M. I. Mishchenko, B. Cairns, J. E. Hansen, L. D. Travis, R. Burg, Y. J. Kaufman, J. V. Martins, and E. P. Shettle, “Monitoring of aerosol forcing of climate from space: analysis of measurement requirements,” J. Quantum Spectrosc. Radiat. Transfer 88, 149–161 (2004).
[Crossref]

H. Du, “Mie-scattering calculation,” Appl. Opt. 43, 1951–1956 (2004).
[Crossref]

2003 (1)

B. Cairns, B. E. Carlson, R. Ying, A. A. Lacis, and V. Oinas, “Atmospheric correction and its application to an analysis of hyperion data,” IEEE Trans. Geosci. Remote Sens. 41, 1232–1244 (2003).
[Crossref]

2001 (2)

1999 (1)

B. Cairns, E. E. Russell, and L. D. Travis, “Research scanning polarimeter: calibration and ground-based measurements,” Proc. SPIE 3754, 186–196 (1999).
[Crossref]

1997 (3)

H. R. Gordon, “Atmospheric correction of ocean color imagery in the Earth observing system era,” J. Geophys. Res. Atmos. 102, 17081–17106 (1997).
[Crossref]

M. I. Mishchenko, L. D. Travis, R. A. Kahn, and R. A. West, “Modeling phase functions for dustlike tropospheric aerosols using a shape mixture of randomly oriented polydisperse spheroids,” J. Geophys. Res. Atmos. 102, 16831–16847 (1997).
[Crossref]

R. M. Pope and E. S. Fry, “Absorption spectrum (380–700 nm) of pure water. II. Integrating cavity measurements,” Appl. Opt. 36, 8710–8723 (1997).
[Crossref]

1995 (1)

J. Michalsky, J. Liljegren, and L. Harrison, “A comparison of sun photometer derivations of total column water vapor and ozone to standard measures of same at the southern great plains atmospheric radiation measurement site,” J. Geophys. Res. 100, 25995–26003 (1995).
[Crossref]

1987 (1)

J. De Haan, P. Bosma, and J. Hovenier, “The adding method for multiple scattering calculations of polarized light,” Astron. Astrophys. 183, 371–391 (1987).

1981 (1)

1980 (1)

1974 (1)

J. E. Hansen and L. D. Travis, “Light scattering in planetary atmospheres,” Space Sci. Rev. 16, 527–610 (1974).
[Crossref]

1971 (3)

J. Hansen and J. Hovenier, “The doubling method applied to multiple scattering of polarized light,” J. Quant. Spectrosc. Radiat. Transfer 11, 809–812 (1971).
[Crossref]

J. E. Hansen, “Multiple scattering of polarized light in planetary atmospheres part ii. sunlight reflected by terrestrial water clouds,” J. Atmos. Sci. 28, 1400–1426 (1971).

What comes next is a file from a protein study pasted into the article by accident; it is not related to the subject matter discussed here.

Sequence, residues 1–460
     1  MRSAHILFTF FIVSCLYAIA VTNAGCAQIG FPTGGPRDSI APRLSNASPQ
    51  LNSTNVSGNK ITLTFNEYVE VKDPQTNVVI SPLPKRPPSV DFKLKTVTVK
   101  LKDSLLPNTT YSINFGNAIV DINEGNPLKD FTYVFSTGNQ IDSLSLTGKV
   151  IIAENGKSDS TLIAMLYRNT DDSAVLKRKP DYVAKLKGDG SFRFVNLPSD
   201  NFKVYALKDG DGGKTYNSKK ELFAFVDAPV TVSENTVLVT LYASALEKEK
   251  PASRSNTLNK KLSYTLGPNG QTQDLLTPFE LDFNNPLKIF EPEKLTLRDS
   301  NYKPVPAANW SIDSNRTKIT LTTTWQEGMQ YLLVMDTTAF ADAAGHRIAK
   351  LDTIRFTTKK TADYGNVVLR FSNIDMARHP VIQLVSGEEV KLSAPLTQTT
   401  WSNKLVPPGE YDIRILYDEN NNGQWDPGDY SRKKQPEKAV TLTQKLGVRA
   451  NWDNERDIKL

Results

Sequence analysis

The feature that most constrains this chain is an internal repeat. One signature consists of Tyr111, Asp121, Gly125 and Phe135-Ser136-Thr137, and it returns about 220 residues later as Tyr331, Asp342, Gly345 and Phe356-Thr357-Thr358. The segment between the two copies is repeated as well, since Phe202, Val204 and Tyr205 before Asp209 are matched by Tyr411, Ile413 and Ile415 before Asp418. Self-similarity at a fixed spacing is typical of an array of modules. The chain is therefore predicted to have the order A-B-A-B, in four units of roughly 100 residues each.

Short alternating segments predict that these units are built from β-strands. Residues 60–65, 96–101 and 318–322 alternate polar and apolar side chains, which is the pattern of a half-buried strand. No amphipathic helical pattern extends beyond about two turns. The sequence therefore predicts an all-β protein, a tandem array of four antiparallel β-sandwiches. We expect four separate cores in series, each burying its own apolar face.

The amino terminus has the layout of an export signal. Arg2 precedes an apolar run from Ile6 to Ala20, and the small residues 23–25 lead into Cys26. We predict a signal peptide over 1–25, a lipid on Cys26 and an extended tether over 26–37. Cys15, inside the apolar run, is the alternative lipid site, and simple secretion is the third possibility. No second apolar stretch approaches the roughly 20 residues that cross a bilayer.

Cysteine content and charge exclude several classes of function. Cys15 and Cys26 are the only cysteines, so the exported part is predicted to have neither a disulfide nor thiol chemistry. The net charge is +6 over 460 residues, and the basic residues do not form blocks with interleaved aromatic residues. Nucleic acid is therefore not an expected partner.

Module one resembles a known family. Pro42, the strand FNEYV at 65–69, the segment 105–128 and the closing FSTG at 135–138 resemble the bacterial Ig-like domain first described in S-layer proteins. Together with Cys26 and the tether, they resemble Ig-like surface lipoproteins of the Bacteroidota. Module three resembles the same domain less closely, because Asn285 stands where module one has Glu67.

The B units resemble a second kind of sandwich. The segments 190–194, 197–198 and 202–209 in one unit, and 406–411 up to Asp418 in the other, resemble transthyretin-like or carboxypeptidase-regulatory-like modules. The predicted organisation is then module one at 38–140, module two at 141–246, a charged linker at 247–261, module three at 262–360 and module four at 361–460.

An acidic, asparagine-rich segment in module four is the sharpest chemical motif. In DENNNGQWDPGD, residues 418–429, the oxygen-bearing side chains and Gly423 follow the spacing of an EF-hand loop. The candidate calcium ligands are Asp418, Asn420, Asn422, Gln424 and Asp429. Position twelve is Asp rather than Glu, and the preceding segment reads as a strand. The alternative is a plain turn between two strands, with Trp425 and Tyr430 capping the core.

[Crossref]

J. Hovenier, “Multiple scattering of polarized light in planetary atmospheres,” Astron. Astrophys. 13, 7–29 (1971).

1954 (1)

Ackerman, A. S.

M. D. Alexandrov, B. Cairns, A. P. Wasilewski, A. S. Ackerman, M. J. McGill, J. E. Yorks, D. L. Hlavka, S. E. Platnick, G. T. Arnold, and B. Van Diedenhoven, “Liquid water cloud properties during the polarimeter definition experiment (podex),” Remote Sens. Environ. 169, 20–36 (2015).
[Crossref]

M. D. Alexandrov, B. Cairns, C. Emde, A. S. Ackerman, and B. van Diedenhoven, “Accuracy assessments of cloud droplet size retrievals from polarized reflectance measurements by the research scanning polarimeter,” Remote Sens. Environ. 125, 92–111 (2012).
[Crossref]

Ahlm, L.

R. Modini, A. Frossard, L. Ahlm, L. Russell, C. Corrigan, G. Roberts, L. Hawkins, J. Schroder, A. Bertram, and R. Zhao, “Primary marine aerosol-cloud interactions off the coast of California,” J. Geophys. Res. Atmos. 120, 4282–4303 (2015).
[Crossref]

Ahmad, Z.

Alexandrov, M. D.

M. D. Alexandrov, B. Cairns, A. P. Wasilewski, A. S. Ackerman, M. J. McGill, J. E. Yorks, D. L. Hlavka, S. E. Platnick, G. T. Arnold, and B. Van Diedenhoven, “Liquid water cloud properties during the polarimeter definition experiment (podex),” Remote Sens. Environ. 169, 20–36 (2015).
[Crossref]

M. D. Alexandrov, B. Cairns, and M. I. Mishchenko, “Rainbow fourier transform,” J. Quant. Spectrosc. Radiat. Transfer 113, 2521–2535 (2012).
[Crossref]

M. D. Alexandrov, B. Cairns, C. Emde, A. S. Ackerman, and B. van Diedenhoven, “Accuracy assessments of cloud droplet size retrievals from polarized reflectance measurements by the research scanning polarimeter,” Remote Sens. Environ. 125, 92–111 (2012).
[Crossref]

Alexandrov, M. L.

B. Cairns, M. L. Alexandrov, and B. Carlson, “Inversion of multi-angle radiation measurement,” Technical report (Columbia University; NASA Goddard Institute for Space Studies, 2005).

Aoki, T.

Arnold, G. T.

M. D. Alexandrov, B. Cairns, A. P. Wasilewski, A. S. Ackerman, M. J. McGill, J. E. Yorks, D. L. Hlavka, S. E. Platnick, G. T. Arnold, and B. Van Diedenhoven, “Liquid water cloud properties during the polarimeter definition experiment (podex),” Remote Sens. Environ. 169, 20–36 (2015).